Jesus, Sun of Justice

Today’s readings are full of hope and promise, as is fitting for the Third Week of Advent.  In the First Reading, the prophet Jeremiah promises a king who will “reign and govern wisely, [and] do what is just and right in the land.” The Responsorial Psalm repeats the message: “Justice shall flourish in his time, and fullness of peace forever.” Then comes the twist: the Gospel tells us how these promises were fulfilled, by the birth of a baby. 

The Israelites, we know, were expecting a worldly king, described as a “shoot to David,” and who would be like David: a mighty soldier who would defeat their enemies once and for all. Instead, God sent Jesus with his message of justice, yes, but not through violence and conquest: rather by forgiveness, love, and mercy. And instead of immediately establishing his just and righteous kingdom, Jesus accepted an unjust condemnation and death. Is it any wonder that his friends despaired at first and went into hiding? 

We all long for justice. Children are born with this innate desire—they are obsessed with fairness until their parents tell them enough times that the world is not fair.  Well, it is a fallen world so that is unfortunately true. But I have never said this to my own children. Instead, I say this: “The world is not fair but we have to try to be.” We must not fall prey to the temptation to think that there is no hope for any justice here on earth. While perfect justice may be only attainable in God’s Kingdom, we cannot just stand around, staring at the sky, waiting for Jesus to show up. We are called to do our best to bring about his justice here, acting as God’s hands on Earth.  Jesus showed us the way over and over, perhaps most notably when he said “Whatsoever you do to the least of these you do unto me.” We are not meant to sit passively by and wait for him. Rather, he calls us to be a people of action and to act on his example.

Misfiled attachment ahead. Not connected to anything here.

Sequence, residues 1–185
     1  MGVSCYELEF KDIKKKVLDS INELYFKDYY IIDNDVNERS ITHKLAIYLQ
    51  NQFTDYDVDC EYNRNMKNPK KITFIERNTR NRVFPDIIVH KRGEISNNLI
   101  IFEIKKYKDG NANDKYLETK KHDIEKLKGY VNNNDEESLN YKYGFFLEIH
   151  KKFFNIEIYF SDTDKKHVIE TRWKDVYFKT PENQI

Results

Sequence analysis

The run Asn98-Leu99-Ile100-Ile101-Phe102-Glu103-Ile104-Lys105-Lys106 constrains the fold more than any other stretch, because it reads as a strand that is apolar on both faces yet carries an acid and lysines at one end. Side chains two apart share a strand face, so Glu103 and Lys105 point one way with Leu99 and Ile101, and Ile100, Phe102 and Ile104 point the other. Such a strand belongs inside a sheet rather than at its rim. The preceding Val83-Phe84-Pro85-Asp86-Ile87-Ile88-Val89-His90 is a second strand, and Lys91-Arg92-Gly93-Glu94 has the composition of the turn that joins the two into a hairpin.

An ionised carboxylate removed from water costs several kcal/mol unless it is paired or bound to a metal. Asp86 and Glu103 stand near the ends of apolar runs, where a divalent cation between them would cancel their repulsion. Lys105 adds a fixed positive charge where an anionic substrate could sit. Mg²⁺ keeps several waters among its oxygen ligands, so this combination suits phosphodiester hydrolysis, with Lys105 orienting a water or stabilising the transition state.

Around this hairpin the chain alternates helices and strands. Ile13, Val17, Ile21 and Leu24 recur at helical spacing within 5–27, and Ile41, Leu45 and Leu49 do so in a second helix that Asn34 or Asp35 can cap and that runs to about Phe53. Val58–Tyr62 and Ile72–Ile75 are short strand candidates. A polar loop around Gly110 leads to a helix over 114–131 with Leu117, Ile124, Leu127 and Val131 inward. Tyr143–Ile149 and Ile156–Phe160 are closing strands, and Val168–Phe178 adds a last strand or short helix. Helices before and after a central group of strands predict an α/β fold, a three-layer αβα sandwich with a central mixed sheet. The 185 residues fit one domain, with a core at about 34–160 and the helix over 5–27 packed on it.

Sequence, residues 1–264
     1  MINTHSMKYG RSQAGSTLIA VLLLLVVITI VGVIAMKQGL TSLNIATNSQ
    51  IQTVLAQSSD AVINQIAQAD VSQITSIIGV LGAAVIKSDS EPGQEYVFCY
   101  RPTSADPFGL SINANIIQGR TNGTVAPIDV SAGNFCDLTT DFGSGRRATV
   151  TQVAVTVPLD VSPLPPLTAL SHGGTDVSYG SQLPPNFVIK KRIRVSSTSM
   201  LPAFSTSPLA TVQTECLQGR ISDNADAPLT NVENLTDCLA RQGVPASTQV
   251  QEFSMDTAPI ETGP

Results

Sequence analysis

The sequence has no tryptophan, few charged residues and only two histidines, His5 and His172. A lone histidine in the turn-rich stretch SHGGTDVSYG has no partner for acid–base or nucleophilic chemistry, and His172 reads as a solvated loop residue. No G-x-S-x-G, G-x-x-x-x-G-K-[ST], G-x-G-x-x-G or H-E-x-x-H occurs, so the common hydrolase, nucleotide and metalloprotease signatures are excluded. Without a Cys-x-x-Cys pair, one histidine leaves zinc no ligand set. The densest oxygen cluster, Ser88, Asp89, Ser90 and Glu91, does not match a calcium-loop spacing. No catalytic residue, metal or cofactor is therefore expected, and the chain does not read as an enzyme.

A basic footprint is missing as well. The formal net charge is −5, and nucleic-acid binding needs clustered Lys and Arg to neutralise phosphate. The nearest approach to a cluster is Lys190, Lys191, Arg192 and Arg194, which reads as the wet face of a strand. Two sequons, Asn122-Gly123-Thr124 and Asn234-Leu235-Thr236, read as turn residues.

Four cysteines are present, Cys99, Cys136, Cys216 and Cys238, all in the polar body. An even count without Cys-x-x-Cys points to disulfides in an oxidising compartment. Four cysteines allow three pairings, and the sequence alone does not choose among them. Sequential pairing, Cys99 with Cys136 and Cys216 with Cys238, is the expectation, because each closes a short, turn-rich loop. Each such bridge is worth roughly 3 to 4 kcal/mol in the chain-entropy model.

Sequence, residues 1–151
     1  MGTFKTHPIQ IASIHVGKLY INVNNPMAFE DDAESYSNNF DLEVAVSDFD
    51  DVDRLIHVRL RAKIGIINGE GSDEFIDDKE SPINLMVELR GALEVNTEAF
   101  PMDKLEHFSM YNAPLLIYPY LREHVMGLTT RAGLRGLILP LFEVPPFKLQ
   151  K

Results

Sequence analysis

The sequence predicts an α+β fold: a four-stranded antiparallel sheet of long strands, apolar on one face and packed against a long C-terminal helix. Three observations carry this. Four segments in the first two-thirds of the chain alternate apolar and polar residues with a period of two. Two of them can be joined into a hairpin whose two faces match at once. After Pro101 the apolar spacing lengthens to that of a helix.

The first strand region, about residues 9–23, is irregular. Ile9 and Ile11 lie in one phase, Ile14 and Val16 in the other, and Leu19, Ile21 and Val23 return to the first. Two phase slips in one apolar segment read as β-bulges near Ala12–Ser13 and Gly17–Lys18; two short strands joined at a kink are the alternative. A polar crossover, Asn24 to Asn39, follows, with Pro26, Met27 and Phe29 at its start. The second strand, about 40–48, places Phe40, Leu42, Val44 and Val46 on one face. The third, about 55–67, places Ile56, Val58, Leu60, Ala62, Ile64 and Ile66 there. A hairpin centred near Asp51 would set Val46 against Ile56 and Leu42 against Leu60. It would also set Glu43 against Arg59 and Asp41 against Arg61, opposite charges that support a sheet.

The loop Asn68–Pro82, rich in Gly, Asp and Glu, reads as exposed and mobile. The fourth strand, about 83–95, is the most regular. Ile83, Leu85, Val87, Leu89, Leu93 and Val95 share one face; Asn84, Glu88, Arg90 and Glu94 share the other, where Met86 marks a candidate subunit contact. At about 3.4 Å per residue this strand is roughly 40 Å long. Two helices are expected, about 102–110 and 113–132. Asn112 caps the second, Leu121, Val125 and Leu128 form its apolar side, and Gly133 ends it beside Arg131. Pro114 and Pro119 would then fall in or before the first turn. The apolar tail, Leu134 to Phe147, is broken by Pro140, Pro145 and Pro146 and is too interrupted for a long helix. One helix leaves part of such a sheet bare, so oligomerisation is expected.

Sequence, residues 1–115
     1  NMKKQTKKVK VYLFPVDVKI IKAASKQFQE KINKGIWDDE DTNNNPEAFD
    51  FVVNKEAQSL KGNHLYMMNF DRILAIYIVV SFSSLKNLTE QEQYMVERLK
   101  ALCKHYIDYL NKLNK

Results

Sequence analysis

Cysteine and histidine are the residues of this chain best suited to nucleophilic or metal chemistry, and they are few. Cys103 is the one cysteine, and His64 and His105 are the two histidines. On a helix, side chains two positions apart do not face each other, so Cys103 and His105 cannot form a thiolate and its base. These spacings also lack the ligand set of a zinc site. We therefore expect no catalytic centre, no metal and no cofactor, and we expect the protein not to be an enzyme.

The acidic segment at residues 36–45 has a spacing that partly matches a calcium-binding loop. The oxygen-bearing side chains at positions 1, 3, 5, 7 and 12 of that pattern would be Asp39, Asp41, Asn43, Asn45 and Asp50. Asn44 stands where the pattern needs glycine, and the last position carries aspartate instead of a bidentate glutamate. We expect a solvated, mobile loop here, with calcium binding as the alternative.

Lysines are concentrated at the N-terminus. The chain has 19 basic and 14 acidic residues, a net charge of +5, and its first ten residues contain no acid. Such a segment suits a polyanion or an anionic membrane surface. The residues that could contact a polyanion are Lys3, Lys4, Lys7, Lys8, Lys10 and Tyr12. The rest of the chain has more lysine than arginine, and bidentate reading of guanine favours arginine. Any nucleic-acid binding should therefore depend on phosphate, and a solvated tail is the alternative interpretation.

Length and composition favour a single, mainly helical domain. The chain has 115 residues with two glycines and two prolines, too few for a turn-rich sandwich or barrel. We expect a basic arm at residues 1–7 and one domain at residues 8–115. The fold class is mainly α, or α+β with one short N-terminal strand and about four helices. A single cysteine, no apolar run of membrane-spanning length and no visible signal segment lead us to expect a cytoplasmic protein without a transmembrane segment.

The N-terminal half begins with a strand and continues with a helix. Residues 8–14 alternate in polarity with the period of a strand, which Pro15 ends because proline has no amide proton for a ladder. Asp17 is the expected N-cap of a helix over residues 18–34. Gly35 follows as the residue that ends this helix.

Working for justice is demanding and difficult. People of good will in our society often disagree about what justice means and how to achieve it. But the Christian life is not supposed to be easy nor is it supposed to be all about ourselves and our comfort. So let today’s readings make us hopeful, but never complacent.  We can never achieve perfect justice on Earth, only a shadow of what it will look like in the Kingdom of God, but that does not free us from the responsibility of trying.

“But unto you that fear my name, the Sun of justice shall arise, and health in his wings: and you shall go forth, and shall leap like calves of the herd” (Malachi 4:2).

Contact the author

Leslie Sholly is a Catholic, Southern wife and mother of five, living in her hometown, Knoxville, Tennessee. She graduated from Georgetown University with an English major and Theology minor. She blogs at Life in Every Limb, where for 11 years she has covered all kinds of topics, more recently focusing on the intersection of faith, politics, and social justice.

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